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Investigating the relationship between archives and information in the early modern world, this latest collection of essays edited by Kate Peters, Alexandra Walsham, and Liesbeth Corens explores every aspect of record keeping; from the proliferation of physical documentation between the sixteenth and eighteenth centuries to the implication of archives in patterns of statecraft.

Contributors to Archives and Information in the Early Modern World place paper technologies and physical repositories under the microscope, analysing the connections between documentation and geographical distance, probing the part played by record-keeping in administration, governance, and justice, as well as its links with trade, commerce, education, evangelism, and piety.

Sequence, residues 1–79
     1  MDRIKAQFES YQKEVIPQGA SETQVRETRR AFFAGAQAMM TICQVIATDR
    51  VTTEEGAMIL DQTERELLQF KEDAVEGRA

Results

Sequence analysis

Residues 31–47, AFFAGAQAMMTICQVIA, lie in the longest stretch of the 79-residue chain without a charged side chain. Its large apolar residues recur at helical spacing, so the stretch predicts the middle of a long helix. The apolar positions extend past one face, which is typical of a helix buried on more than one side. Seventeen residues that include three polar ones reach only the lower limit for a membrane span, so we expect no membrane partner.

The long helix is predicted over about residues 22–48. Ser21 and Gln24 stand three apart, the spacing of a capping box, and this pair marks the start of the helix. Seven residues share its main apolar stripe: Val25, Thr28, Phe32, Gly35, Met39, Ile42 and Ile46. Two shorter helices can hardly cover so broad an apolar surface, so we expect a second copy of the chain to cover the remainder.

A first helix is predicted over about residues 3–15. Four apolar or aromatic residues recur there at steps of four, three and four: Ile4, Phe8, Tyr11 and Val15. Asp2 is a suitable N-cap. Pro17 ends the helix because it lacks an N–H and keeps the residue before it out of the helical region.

Extending beyond the framework of formal institutions to the family, household, and sect, Archives and Information in the Early Modern World offers fresh insight into the possibilities and constraints of political participation and the nature of human agency.

It deepens our understanding of the role of archives in the construction and preservation of knowledge and the exercise of power in its broadest sense, calling for greater dialogue and creative collaboration to breach thelingering disciplinary divide between historians and archival scientists.


3J Modern period, c 1500 onwards, GLC Library, archive & information management, GM Museology & heritage studies, HBT History: specific events & topics

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